[Column] Andrew Cruise: Shopping for cloud in your own backyard
Finding the right cloud solution for your organisation’s needs has become an essential task in any modern business operation. But with so many service providers out there it can be an overwhelming decision.
Many companies have hitched their ride to so-called hyperscalers like Amazon Web Services (AWS), Microsoft Azure, and Google Cloud, but it might not be the right decision for your business. In fact, more often than not, you would do well to consider local cloud companies instead. Here’s why.
While it is true that South Africa is losing expertise to emigration, many still choose to stay. And the good news is that local cloud operators are just as good, if not better than those in Europe, the USA, or elsewhere – that’s why they have no trouble finding jobs there, says Andrew Cruise, Managing Director of Routed, a local VMware Cloud Verified provider and VMware Principal Partner. “We're using the same great software and hardware as international companies, and the expertise that we have is comparable to them, if not better. Routed, for example, frequently gets invited to global conferences because we are leading the pack in our strategy and how we execute it.”
Importantly, choosing a local company also means you benefit from local support. “Hyperscalers cater to a massive client base, which can lead to impersonal and sometimes slow customer support. Private, local cloud companies are better equipped to offer personalised, dedicated support. They intimately understand local organisations’ needs, enabling faster issue resolution and more effective communication,” says Cruise.
Though the price of everything from groceries to technology is subject to the fluctuating rand, you’ll find that local cloud providers are more consistent in their pricing, says Cruise. “Hyperscalers’ pay-as-you-go pricing can lead to unpredictable costs as your usage scales up or down. They’re also notorious for adding unexpected line items onto bills, and for unilaterally changing their prices as currencies shift.”
“Local pricing models are much more predictable from month to month, and many offer fixed monthly or annual fees. This certainty allows for better financial planning and cost control,” adds Cruise.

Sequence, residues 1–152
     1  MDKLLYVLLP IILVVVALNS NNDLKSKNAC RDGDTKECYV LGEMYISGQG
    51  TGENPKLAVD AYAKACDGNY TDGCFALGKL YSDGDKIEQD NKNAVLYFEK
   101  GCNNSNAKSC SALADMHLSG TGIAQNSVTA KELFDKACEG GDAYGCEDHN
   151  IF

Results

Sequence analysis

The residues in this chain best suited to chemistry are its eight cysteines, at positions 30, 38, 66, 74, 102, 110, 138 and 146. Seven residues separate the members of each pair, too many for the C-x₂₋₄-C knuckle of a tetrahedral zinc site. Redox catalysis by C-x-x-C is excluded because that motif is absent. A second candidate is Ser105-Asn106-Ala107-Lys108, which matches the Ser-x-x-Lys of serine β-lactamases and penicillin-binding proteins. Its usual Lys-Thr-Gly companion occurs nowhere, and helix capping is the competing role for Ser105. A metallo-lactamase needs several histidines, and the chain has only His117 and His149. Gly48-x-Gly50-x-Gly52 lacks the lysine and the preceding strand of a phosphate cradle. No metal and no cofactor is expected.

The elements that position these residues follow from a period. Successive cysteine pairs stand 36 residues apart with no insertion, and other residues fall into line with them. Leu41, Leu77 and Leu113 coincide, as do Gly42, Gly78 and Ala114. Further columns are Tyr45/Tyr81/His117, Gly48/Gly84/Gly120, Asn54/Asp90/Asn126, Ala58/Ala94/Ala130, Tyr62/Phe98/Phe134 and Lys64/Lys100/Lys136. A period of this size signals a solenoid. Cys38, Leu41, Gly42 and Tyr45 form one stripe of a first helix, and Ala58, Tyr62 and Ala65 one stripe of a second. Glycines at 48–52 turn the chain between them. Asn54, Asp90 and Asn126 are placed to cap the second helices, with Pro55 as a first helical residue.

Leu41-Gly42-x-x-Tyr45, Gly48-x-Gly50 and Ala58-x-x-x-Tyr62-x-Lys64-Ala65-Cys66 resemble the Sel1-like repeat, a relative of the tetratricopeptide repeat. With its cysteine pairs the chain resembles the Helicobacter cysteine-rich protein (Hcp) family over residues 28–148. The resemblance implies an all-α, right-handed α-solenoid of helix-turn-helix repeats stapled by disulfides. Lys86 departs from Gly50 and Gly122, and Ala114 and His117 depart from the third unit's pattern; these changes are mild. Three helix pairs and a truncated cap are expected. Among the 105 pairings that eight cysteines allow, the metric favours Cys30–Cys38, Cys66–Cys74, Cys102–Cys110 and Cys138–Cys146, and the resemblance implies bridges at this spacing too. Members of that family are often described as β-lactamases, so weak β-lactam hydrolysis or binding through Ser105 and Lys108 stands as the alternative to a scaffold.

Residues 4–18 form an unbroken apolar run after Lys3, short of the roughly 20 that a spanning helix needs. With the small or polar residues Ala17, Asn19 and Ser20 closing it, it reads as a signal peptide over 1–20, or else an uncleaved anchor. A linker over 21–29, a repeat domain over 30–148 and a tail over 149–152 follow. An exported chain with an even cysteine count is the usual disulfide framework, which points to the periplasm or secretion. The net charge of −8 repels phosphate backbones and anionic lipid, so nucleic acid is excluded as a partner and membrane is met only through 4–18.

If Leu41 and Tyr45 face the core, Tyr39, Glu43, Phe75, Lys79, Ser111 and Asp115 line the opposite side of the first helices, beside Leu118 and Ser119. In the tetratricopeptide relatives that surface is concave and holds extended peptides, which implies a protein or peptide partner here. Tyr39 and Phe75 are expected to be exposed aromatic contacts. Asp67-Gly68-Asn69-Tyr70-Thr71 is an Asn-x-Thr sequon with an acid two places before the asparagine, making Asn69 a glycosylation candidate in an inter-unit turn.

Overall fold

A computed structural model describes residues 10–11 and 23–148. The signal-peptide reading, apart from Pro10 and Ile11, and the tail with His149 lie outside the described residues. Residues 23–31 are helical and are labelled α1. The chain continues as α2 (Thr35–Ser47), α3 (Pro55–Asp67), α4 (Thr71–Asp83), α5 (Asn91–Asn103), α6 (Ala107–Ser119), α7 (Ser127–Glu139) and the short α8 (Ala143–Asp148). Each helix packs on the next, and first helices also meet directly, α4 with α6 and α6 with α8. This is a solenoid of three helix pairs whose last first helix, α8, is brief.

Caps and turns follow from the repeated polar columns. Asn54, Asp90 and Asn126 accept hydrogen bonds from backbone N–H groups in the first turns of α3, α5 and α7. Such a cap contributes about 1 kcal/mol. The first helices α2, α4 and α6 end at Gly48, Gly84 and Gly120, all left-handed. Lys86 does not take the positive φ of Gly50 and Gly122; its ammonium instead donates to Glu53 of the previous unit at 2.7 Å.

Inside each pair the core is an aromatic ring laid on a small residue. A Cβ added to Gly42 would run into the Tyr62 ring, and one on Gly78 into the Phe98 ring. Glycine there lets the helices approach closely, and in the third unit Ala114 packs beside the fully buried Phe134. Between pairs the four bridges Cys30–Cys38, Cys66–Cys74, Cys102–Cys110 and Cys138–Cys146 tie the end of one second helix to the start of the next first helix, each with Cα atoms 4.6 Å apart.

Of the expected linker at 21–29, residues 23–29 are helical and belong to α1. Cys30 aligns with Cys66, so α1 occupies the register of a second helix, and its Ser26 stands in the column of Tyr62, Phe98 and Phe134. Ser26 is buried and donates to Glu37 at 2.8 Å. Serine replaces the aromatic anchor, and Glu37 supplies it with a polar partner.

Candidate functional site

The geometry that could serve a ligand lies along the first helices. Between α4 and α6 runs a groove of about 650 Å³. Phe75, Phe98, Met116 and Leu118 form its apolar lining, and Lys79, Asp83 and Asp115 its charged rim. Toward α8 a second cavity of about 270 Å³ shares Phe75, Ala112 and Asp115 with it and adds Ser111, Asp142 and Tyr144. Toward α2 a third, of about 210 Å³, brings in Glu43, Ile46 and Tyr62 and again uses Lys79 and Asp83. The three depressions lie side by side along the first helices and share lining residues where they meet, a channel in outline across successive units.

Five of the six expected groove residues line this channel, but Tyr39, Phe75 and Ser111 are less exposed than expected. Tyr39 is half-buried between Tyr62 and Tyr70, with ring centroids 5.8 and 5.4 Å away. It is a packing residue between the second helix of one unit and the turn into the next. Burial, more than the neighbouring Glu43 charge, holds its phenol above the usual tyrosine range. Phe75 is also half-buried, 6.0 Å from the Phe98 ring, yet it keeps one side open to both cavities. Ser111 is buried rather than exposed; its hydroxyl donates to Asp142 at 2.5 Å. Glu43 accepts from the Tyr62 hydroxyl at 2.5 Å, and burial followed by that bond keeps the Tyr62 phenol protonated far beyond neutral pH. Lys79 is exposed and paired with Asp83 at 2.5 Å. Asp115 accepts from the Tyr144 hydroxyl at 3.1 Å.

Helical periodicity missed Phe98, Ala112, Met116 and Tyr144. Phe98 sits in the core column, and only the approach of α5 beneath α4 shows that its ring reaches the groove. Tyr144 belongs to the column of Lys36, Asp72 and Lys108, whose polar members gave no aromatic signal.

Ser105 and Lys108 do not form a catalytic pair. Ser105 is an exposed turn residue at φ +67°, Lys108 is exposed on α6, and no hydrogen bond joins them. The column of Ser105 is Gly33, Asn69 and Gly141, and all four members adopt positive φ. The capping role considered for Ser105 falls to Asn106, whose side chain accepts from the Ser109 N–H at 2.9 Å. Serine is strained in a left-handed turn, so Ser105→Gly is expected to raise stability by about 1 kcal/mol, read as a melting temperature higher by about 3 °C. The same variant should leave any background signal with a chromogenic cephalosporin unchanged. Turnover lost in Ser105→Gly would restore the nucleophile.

Hyperscalers offer a broad range of services and features, but this is often sold as a one-size-fits-all approach. Private cloud companies can provide tailor-made solutions specifically designed for your organisation’s requirements. “This is especially true if they’re vendor-neutral, which means they’re unbiased and can align your needs with the most efficient solutions instead of locking you in with one vendor,” says Cruise.
On average, it takes about six months to move all your operations to cloud. With hyperscalers, that timeframe can increase to 18 months. Cruise explains: “If you’re running VMware, which most large enterprises are, moving into a VMware cloud environment is almost seamless. Going into a completely different environment means having to re-architect security, performance, and much more – necessitating more labour, capital, and time.”
Sovereignty and compliance
Global operators cannot guarantee that your data will be stored only within the borders of a specific country, which can lead to potential compliance issues. Local companies, however, are more likely to adhere to data sovereignty requirements. “And even if it’s not legally required, a sovereign cloud ensures all data and backups will stay on home soil, preventing foreign access and improving security,” adds Cruise.
Even as a staunch supporter of the local market, Cruise does have a word of warning: Do your homework when choosing a local operator. “Though there is great expertise and a thriving industry in South Africa, not every local cloud operator will be good. Proximity should not be the only factor in this decision.”
But with a reliable operator backed by solid credentials, local is superior. “At Routed, we have no intention of taking what we do to Europe or the USA. We were the first VMware Cloud Verified provider in Africa and we want to be the biggest and best, specialising in localised solutions for organisations operating on South African soil. We’re not a faceless corporation, we’re here for local companies, and we intend to stay.”
Andrew Cruise is the managing director at Routed.